This post is part of a series that revisits some of our readers’ favorite articles from the past that still contain awesome and relevant information that you might find useful. This post was originally published on December 20th, 2011.
If you’re a fan of CSS preprocessors, then you know that despite their usefulness, they can be a bit of a pain to work with at times. Most of them require some sort of Terminal voodoo to compile, which immediately scares off a good portion of potential users.
As always, the Mac development community has come to the rescue with some amazing tools that completely take the effort out of the process. Follow along as we take a look at five great apps that will help you work with LESS, Sass, Stylus and even some non-CSS languages like CoffeeScript and HAML.
If you’re a web developer, then you know that manually creating image sprites is a pain. Even worse is the process of trying to position those sprites just right within your CSS. It’s a necessary evil, but don’t you wish you could skip it?
Today we’re going to take a look at a Mac app called SpriteRight that promises to completely automates this process. Will it successfully turn sprite creation into an easy and even enjoyable task? Read on to find out.
The Mac text editor market is rapidly heating up. Hot off the heels of an awesome Espresso update, we’re all anxiously awaiting the arrival of the next Coda, Textmate and even a new Mac-friendly Sublime Text. With such important and revered players each on the verge of their next great achievement, it’s going to be difficult for any newcomers to make a name for themselves.
Despite this high barrier to entry, Chocolat is a new text editor currently in alpha that’s definitely making a solid statement. Read on to see why it may be just what you’ve been waiting for.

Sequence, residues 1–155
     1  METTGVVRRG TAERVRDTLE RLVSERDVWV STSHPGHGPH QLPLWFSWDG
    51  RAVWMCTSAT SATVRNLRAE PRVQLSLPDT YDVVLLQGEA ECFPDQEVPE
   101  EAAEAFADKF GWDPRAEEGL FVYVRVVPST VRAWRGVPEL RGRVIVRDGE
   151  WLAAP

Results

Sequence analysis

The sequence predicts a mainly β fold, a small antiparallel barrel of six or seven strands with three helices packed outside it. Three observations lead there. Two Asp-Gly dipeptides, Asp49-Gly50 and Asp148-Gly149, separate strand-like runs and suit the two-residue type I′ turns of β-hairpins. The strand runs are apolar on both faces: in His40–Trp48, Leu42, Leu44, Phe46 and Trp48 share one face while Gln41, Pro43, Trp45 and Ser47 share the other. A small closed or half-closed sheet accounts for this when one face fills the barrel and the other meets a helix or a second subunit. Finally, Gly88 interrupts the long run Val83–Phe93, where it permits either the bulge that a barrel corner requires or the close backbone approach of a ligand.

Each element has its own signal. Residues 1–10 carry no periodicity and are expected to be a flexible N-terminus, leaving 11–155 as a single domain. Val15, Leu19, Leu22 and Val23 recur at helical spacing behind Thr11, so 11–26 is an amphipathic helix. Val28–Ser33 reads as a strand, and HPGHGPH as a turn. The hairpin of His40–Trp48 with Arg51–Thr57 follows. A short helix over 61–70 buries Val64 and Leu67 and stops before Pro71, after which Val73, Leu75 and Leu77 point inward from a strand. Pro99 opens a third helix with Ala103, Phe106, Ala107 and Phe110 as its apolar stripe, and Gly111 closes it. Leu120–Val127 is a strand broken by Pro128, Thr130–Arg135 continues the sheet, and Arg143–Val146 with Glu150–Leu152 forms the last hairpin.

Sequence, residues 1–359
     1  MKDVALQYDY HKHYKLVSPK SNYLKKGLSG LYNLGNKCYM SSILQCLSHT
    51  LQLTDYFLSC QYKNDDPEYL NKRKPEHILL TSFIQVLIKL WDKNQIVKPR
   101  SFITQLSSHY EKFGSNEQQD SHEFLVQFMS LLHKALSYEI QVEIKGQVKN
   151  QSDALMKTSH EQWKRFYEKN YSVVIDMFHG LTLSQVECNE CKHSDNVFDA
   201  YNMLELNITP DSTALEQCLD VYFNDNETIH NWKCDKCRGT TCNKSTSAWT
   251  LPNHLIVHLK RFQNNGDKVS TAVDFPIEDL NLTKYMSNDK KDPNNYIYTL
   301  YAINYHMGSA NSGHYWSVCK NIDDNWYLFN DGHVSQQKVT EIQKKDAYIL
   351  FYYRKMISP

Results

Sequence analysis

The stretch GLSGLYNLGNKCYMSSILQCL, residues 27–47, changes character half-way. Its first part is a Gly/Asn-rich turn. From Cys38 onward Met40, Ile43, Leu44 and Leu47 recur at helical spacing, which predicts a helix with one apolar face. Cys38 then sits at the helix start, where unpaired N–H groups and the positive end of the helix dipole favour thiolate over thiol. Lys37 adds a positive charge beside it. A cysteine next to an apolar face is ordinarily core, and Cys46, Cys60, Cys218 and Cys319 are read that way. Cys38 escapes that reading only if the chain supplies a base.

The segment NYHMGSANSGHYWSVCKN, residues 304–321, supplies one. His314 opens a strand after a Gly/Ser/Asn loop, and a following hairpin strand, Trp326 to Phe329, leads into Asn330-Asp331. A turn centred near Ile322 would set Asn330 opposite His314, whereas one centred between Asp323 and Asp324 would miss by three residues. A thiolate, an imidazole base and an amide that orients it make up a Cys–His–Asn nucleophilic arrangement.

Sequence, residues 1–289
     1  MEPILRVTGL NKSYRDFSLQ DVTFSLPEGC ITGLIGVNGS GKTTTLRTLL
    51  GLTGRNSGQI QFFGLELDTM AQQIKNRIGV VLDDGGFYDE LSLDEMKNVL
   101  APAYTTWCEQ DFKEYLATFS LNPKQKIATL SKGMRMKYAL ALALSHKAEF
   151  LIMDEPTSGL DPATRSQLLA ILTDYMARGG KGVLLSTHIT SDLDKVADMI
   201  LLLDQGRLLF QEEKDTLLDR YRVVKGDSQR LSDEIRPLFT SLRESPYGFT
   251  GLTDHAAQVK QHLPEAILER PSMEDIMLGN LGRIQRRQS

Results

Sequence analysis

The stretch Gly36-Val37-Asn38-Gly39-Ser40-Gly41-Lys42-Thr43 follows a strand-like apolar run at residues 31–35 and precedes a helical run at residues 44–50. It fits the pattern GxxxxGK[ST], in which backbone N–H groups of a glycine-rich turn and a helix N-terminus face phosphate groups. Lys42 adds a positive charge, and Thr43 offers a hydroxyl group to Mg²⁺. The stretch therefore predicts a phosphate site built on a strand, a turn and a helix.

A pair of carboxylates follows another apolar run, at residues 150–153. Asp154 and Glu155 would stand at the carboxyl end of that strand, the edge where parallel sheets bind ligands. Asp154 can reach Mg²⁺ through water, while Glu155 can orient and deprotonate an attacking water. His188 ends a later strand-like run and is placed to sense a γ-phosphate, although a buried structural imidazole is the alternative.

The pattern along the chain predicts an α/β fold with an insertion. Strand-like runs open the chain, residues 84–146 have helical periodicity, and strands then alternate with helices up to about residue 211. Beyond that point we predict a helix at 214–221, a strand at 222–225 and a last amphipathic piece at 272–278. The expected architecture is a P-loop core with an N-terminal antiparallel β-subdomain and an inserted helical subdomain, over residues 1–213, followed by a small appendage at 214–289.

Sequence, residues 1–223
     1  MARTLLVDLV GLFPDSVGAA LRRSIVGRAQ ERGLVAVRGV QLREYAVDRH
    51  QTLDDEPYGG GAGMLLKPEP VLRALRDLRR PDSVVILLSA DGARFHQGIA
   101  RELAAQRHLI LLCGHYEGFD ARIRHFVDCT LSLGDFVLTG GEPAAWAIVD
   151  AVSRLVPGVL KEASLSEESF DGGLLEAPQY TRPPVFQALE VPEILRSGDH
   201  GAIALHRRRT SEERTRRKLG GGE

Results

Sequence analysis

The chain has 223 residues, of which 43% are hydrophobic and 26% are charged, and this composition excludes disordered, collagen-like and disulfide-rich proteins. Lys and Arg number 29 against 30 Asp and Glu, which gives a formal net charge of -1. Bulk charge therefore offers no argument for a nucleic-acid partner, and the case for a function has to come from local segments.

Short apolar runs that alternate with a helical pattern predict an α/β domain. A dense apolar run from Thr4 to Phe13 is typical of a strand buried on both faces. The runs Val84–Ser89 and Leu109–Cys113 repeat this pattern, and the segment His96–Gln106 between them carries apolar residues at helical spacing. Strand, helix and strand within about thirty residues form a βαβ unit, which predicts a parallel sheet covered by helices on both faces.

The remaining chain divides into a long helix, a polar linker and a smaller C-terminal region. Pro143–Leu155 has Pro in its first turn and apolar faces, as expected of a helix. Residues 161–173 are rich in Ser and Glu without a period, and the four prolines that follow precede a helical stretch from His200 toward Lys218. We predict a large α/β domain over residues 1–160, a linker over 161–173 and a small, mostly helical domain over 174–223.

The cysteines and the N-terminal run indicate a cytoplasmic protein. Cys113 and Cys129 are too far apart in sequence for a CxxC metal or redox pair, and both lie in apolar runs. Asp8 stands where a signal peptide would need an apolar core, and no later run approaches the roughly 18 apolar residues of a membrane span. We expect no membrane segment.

With the multiple common web browsers these days, designing websites that work on all of them can be a strain, especially when they each read CSS in different ways. Even if you’re not someone who creates websites, you’ve no-doubt heard the complaints of many a web coder about the different formats for the multiple web browsers.
JumpZero pounced on the opportunity to create what they call “the missing link between web designers and colors,” and at a launch sale of just $4.99, I think they may just have found it. Head past the break to get an in-depth look at Gradient.
Web developers rejoice, Espresso 2 has finally been released and it brings tons of improvements that you’ll definitely want to check out.
Join us was we take a refreshed look at what Espresso is, what’s new about it and why it’s officially at the top of our list of awesome apps that web developers should have.
If you’re a developer, you’ve probably come across a few snippet managers before. If you haven’t prepare to have your life become a whole lot easier.
For those that are familiar with the idea of saving small sections of code, you’ll definitely want to check out Snippets, an amazing snippet manager that will be an instant must-have for anyone looking to improve or build a personal code database. Below we’ll go over what Snippets is and how to use it to improve your workflow. Then we’ll discuss how it performed during our review process and whether or not you’ll be able to find a decent free alternative. Let’s get started!